Markus Jakobsson is a computer science professor at Indiana University and has done some excellent work on understanding phishing attacks. I’ve blogged about some of Markus’ research in the past and I thought I’d share some information about some recent work of his that focuses on the question: What causes people to fall for phishing attacks?
Markus and his group completed a study at Indiana University where the subjects were shown various types of stimuli, such as Web pages and emails. Some of these were legitimate and others were based on phishing attacks. The subject group was asked to rate (on a scale of one to five) how authentic the stimulus was. If a participant marked a score of one, it was thought that the stimulus was taken from a phishing attack. A score of five meant that it appeared legitimate.
To make things interesting, the subjects were asked to explain their thought process out loud. Keep in mind that in this case, the subjects obviously knew they were being tested—which is different from what happens in a real phishing attack, where the victims are unaware. So, you have to weigh in this difference when trying to interpret the results (i.e., subjects who know they are part of a test might be more careful and conservative than people who are blindsided). Another important point is that there were no computer science majors in the subject group (the purpose was to get a sense of how a typical, usually non-technical, user would view these sites).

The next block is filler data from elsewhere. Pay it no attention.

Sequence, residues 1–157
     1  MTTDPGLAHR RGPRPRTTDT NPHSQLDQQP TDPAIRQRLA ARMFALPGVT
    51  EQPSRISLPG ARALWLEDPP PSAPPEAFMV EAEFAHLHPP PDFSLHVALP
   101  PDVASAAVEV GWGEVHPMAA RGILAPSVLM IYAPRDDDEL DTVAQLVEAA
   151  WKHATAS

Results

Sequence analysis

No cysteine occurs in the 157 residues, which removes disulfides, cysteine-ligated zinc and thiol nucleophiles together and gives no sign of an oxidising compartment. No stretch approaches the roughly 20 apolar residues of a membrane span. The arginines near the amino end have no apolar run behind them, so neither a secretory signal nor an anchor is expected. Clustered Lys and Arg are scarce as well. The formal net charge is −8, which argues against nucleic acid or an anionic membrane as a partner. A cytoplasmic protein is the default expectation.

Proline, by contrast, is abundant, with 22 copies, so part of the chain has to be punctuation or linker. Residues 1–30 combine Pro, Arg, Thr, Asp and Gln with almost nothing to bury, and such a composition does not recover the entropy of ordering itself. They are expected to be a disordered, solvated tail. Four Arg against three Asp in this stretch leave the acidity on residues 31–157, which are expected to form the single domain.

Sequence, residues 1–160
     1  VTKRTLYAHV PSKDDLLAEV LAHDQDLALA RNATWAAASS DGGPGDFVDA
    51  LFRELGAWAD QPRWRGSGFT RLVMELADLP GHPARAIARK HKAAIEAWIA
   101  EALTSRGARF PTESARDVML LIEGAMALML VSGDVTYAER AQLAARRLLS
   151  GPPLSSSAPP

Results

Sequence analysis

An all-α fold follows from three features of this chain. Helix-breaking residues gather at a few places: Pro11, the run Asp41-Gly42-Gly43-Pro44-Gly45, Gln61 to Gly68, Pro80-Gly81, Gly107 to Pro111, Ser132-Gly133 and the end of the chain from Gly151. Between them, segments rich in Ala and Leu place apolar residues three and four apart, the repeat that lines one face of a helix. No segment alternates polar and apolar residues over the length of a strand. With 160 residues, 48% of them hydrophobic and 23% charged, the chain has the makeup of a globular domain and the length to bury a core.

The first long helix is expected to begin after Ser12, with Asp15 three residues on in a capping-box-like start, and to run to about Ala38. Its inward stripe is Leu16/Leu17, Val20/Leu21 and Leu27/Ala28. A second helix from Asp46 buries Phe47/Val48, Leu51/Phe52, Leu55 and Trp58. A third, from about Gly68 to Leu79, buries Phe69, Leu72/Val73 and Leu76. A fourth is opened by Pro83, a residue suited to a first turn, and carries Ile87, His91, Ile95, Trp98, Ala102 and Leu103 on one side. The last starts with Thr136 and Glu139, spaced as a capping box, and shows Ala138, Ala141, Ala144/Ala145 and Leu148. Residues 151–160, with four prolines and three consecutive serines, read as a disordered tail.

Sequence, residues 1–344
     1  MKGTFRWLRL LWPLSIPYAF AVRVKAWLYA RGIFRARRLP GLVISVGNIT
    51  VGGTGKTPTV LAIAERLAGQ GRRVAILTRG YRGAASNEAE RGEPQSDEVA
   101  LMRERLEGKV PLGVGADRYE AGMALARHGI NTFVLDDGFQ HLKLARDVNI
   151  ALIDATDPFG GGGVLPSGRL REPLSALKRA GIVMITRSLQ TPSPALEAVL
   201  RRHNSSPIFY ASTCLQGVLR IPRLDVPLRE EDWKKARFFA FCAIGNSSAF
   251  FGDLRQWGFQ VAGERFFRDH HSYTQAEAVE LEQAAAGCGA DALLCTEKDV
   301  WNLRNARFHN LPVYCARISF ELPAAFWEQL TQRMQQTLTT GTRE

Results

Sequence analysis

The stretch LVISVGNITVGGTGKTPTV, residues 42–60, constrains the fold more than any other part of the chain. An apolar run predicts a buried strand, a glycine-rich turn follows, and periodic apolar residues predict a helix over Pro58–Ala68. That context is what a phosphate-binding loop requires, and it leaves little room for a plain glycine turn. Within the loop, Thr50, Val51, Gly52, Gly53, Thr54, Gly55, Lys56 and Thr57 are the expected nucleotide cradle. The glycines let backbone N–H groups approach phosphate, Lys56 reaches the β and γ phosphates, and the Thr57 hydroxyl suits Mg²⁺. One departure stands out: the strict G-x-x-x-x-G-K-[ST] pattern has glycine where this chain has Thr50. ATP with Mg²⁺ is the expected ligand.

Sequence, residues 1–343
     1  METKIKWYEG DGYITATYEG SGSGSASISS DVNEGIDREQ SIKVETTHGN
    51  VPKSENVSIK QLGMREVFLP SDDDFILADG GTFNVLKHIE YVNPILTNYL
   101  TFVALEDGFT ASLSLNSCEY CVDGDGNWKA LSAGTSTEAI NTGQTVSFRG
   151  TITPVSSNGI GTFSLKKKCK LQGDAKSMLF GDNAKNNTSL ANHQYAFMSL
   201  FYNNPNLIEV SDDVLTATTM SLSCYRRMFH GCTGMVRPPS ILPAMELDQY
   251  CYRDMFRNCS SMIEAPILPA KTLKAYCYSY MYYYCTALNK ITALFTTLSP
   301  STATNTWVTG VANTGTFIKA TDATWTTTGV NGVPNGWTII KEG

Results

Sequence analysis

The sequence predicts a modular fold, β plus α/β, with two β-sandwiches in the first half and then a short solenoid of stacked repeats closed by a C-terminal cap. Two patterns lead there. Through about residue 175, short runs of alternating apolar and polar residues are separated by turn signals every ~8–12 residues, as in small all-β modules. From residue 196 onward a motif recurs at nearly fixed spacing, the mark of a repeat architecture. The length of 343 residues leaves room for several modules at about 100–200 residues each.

The study provided the following conclusions:
• Subjects looked at the URLs and knew how to do “mouseovers”, which seems to suggest that the subjects were wary of what was going on. Also, if the URL consisted of an IP address, then it got the user’s attention. This is promising behavior because many phishing URLs involve raw IP addresses. On the flip side, there is the danger that users might put too much trust in otherwise “normal looking” URLs. For example, many subjects thought that "www.citibank-login.com" was associated with Citibank and thought it was reasonable to expect that "www.bankofamerica.pin-update.com" was legitimately associated with doing pin updates with Bank of America.
• Trust indicators do not matter. If people see a seal from an independent party associated with “trustworthiness” (as with the Better Business Bureau), they do not let that influence their decision about whether a site or email is actually legitimate.
• People judge relevance before authenticity. Any mention of money or financial transactions tends to be a major red flag. Also, any type of unusual password request or threat (for example, threats like “if you don’t do XYZ, your account will be suspended” didn’t work too well).
• Subjects were inclined to trust emails that simply seemed informative. Of course, the danger is that some users might follow links in such messages.